• Some nations have gaps between the years when a census was taken.
  • Be aware that errors may have occurred as the agents did not usually know the individuals personally.
  • Lists of births and deaths may have been recorded in between census years.
  • When men had plural wives, the oldest wife was often listed first, with her unmarried children. The other wives and their children are listed in order of their ages.

I Can't Find Who I'm Looking for, What Now?

  • Look for variant spellings of the names. You should also look for nicknames and abbreviated names.
  • Look for another index. Local genealogical and historical societies often have indexes to local records.
  • Search the indexes and records of nearby counties.
  • Try alternative search methods such as only filling in the surname search box (or the given name search box) on the landing page leaving the other box empty and then click on search. This should return a list of everyone with that particular name. You could then browse the list for individuals that may be your ancestor.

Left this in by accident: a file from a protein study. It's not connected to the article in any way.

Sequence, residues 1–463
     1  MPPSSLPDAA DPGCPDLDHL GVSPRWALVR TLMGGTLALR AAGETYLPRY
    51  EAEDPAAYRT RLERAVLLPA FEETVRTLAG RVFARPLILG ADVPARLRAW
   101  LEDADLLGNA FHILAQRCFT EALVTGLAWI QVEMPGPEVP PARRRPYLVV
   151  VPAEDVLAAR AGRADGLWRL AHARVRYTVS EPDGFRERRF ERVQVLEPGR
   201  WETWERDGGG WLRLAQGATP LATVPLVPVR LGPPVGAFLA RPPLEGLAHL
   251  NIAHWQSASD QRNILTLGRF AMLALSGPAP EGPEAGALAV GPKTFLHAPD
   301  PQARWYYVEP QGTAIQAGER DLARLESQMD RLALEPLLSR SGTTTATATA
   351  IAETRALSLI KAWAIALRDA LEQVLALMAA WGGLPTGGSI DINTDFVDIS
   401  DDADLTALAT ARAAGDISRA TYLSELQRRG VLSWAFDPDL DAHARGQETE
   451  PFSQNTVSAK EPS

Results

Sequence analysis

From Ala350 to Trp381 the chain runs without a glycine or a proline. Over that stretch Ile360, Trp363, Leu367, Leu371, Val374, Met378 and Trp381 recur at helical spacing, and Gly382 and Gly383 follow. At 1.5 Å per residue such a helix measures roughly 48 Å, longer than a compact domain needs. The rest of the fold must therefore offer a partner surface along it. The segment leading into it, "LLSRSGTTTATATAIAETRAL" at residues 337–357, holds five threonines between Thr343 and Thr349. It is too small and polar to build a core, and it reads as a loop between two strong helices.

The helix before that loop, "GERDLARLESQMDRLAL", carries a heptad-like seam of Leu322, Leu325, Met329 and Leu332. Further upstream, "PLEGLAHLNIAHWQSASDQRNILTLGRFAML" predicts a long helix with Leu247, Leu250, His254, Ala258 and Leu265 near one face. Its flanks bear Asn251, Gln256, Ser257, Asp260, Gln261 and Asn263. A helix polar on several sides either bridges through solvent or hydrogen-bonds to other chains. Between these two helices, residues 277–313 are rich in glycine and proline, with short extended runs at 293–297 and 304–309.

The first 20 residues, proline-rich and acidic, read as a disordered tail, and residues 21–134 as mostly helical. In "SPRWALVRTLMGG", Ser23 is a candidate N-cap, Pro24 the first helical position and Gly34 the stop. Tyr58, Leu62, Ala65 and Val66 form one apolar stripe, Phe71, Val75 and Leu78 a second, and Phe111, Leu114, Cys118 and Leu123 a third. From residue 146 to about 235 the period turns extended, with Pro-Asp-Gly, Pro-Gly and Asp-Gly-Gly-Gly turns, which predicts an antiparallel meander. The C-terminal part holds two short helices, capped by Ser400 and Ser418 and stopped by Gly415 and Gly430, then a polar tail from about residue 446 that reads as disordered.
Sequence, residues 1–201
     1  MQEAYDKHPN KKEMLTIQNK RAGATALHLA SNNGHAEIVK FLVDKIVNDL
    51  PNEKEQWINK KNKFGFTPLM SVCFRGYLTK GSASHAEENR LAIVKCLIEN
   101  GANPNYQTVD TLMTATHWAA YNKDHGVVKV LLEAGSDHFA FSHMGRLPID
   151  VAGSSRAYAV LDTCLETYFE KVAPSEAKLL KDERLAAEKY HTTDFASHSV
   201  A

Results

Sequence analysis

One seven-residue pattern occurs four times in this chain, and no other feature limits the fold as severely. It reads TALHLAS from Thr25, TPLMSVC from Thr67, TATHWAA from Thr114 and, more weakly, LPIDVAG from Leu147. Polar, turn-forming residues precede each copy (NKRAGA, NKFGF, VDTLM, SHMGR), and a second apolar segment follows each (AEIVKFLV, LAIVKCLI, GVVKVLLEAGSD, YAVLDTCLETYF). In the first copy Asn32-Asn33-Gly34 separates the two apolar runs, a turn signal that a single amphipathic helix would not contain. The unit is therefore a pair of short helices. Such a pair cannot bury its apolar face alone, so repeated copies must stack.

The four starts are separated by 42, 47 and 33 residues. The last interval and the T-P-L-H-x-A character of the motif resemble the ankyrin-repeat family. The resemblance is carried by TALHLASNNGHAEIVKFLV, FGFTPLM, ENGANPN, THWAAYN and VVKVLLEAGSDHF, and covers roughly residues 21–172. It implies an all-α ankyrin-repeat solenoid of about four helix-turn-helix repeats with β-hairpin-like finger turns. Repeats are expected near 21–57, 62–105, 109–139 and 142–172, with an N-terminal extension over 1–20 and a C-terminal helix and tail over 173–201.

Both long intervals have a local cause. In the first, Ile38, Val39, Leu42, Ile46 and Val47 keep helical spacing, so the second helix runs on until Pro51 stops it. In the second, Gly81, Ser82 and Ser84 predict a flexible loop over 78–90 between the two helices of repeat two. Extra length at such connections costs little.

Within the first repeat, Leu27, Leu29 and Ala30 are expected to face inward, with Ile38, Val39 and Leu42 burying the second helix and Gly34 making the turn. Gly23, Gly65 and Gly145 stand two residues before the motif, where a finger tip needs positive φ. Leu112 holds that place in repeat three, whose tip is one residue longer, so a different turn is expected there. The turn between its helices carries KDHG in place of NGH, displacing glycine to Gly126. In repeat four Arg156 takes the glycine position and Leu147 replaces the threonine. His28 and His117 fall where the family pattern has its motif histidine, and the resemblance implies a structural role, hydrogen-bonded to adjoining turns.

Citing this Collection

Citing your sources makes it easy for others to find and evaluate the records you used. When you copy information from a record, list where you found that information. Here you can find citations already created for the entire collection and for each individual record or image.

Collection citation:

“United States, Indian Census Rolls, 1885-1940.” Index and Images. FamilySearch. http://FamilySearch.org : accessed 2017. Citing NARA microfilm publication 595. Washington, D.C.: National Archives and Records Administration, n.d.

Image citation:

The image citation will be available once the collection is published.


How Can I Contribute to the FamilySearch Wiki?

We welcome user additions to FamilySearch Historical Records wiki articles. We are looking for additional information that will help readers understand the topic and better use the available records. We also need translations for collection titles and images in articles about records written in languages other than English. For specific needs, please visit WikiProject FamilySearch Records.

Please follow these guidelines as you make changes. Thank you for any contributions you may provide.